Australia Jobless Rate Edges Higher, Employment Misses Estimates
(Bloomberg) -- Australia added fewer jobs than forecast in February and unemployment edged higher as more people sought work, suggesting the central bank is likely to keep interest rates unchanged.
- Jobs rose 17,500 from January, when they advanced a downwardly revised 12,500; economists forecast 20,000 gain
- Unemployment rate climbed to 5.6%; estimate unchanged at 5.5%
- Full-time jobs increased 64,900; part-time employment fell 47,400
- Participation rate rose to 65.7%; economists predicted 65.6%
- Aussie dollar fell to 77.60 U.S. cents at 12:15 p.m. in Sydney from 77.81 cents pre-data
Employment is the main game in the Australian economy at present as policy makers expect record-low interest rates and rising investment to drive hiring and gradually encourage wage growth. Governor Philip Lowe says the jobless rate’s fall toward 5 percent -- the central bank’s estimated full employment level -- and inflation’s return to its 2.5 percent target midpoint will be only gradual, and policy will remain unchanged in the meantime.
- “It will take at least a year of continued jobs growth before we use up all the spare capacity in the labor market and start to see upward pressure on wage growth,” said Sarah Hunter at BIS Oxford Economics. “Wage rises are currently tracking inflation, leaving the average worker no better off than a year ago in real terms.”
- “The monthly figures for full and part-time employment have been excessively volatile of late,” said Callam Pickering at global job site Indeed, who previously worked at the central bank. “The trend figures point toward ongoing strength in employment but also suggest that full-time employment growth may be easing. It is far too early to be concerned but full-time employment remains one of the most important labor market measures and is worth keeping an eye on.”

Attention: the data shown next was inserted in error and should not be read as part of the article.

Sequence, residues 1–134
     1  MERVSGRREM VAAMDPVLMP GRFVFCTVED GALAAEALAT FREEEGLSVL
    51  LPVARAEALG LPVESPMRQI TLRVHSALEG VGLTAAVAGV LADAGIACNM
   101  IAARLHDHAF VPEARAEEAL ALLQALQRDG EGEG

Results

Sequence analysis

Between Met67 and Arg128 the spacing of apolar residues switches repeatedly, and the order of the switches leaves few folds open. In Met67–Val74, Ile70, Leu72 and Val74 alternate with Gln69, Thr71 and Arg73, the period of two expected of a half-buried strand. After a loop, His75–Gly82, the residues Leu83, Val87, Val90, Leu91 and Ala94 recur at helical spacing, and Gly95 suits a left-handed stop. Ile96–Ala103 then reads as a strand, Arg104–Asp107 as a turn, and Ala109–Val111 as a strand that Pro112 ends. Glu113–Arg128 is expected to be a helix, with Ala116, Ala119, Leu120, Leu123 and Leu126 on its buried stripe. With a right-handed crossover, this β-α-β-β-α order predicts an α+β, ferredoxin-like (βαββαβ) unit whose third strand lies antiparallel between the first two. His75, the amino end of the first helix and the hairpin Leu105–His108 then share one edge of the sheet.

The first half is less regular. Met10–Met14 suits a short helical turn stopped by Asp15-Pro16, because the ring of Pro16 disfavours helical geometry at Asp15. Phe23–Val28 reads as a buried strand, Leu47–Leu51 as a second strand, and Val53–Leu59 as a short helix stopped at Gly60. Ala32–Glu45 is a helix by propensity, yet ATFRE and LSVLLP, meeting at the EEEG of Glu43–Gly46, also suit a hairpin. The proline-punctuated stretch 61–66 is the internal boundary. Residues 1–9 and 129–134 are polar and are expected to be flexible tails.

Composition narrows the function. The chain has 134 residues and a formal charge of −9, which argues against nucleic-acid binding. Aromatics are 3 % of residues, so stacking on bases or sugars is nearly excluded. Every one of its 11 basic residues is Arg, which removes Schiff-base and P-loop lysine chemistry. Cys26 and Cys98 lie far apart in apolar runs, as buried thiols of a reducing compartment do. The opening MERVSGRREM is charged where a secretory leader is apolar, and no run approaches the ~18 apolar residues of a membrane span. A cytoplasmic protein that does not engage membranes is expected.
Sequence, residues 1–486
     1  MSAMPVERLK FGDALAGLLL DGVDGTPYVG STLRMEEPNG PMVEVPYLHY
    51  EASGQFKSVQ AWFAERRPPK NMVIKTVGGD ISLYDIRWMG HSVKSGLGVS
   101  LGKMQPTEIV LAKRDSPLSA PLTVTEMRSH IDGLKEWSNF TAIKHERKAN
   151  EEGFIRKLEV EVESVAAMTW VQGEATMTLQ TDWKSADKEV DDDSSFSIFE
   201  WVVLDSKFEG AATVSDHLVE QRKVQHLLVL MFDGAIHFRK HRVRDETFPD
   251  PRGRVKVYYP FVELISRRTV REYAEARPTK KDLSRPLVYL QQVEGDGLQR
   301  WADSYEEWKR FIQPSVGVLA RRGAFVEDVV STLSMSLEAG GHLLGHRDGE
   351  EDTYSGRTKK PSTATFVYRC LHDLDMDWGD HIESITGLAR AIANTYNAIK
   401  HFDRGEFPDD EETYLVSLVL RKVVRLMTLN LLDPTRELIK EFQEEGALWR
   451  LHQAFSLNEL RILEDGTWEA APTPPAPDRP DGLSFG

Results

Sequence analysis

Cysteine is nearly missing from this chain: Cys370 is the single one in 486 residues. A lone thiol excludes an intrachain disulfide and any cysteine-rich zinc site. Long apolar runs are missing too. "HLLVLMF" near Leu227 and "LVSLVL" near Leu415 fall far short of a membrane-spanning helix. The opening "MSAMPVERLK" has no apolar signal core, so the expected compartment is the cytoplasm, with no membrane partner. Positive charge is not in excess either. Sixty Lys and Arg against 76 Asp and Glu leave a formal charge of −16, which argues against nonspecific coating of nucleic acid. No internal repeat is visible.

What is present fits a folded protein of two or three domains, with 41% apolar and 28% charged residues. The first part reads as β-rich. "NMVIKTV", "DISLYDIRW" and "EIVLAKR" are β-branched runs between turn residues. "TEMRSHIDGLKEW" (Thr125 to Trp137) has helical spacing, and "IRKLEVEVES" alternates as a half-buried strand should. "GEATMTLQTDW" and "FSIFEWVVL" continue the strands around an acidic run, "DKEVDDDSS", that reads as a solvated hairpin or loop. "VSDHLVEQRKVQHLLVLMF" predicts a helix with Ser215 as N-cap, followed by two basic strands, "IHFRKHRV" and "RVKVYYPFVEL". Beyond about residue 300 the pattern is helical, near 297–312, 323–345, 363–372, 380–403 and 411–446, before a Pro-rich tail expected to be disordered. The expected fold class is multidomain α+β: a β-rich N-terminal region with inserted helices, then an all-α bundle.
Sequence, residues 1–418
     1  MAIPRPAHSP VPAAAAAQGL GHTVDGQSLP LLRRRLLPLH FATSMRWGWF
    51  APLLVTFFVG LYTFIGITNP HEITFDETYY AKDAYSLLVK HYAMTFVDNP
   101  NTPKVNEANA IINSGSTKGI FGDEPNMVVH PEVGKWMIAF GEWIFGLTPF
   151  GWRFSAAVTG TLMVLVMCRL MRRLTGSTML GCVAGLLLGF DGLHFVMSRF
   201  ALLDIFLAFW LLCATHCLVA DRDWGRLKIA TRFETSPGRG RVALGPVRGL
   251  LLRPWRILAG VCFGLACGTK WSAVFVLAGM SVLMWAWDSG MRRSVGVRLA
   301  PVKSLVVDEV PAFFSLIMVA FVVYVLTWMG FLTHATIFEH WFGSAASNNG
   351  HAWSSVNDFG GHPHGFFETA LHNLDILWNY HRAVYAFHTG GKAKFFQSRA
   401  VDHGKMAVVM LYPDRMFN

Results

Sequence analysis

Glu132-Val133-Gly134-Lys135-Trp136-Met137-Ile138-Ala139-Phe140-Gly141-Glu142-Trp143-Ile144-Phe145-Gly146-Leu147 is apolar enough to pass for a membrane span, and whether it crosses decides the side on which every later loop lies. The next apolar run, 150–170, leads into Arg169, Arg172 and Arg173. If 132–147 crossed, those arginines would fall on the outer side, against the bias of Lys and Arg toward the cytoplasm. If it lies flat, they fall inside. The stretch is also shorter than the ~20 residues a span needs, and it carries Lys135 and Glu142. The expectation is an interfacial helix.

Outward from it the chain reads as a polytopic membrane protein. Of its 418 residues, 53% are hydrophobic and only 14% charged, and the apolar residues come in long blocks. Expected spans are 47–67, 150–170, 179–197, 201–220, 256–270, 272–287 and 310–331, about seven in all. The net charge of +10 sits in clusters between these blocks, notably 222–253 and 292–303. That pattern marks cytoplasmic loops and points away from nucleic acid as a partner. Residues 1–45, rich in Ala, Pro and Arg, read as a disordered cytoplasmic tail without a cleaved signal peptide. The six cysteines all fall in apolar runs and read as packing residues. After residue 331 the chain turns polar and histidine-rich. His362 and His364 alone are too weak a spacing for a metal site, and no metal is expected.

- “There is no pressing need for the Reserve Bank to change interest rate settings,” said Craig James at Commonwealth Bank of Australia’s securities unit. “Under-employment and under-utilization rates continue to trend lower but still indicate that spare capacity is available in the job market. CommSec expects that the next move in rates will be up, but we can’t see a change happening until late 2018 at the earliest.”
- In the three months through February, under-employment rose 0.1 percentage point to 8.4%; the under-utilization rate -- the sum of unemployment and under-employment -- also advanced 0.1 point to 13.9%
- New South Wales, the most populous state, added the most jobs with 28,400 in February, and unemployment fell to 4.8% from 5.1%.
- Victoria, the next largest state that together with New South Wales has enjoyed an economic boom in recent years, led the losers shedding 11,300 positions.
- Unemployment in the island state of Tasmania jumped the most, climbing to 6% from 5.3%.
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